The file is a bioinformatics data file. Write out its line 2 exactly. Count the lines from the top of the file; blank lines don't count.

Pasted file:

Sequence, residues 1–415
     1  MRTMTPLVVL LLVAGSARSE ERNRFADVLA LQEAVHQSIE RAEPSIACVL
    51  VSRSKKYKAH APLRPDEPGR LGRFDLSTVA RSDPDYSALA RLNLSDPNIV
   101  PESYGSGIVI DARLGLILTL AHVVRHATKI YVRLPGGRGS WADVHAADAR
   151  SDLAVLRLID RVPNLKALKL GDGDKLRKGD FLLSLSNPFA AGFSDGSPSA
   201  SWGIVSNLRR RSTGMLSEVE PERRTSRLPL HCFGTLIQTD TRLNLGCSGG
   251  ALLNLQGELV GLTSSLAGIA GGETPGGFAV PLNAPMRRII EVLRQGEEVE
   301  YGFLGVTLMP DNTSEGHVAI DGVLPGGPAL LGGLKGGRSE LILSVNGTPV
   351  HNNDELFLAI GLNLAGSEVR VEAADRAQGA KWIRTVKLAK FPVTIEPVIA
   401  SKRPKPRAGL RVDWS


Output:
     1  MRTMTPLVVL LLVAGSARSE ERNRFADVLA LQEAVHQSIE RAEPSIACVL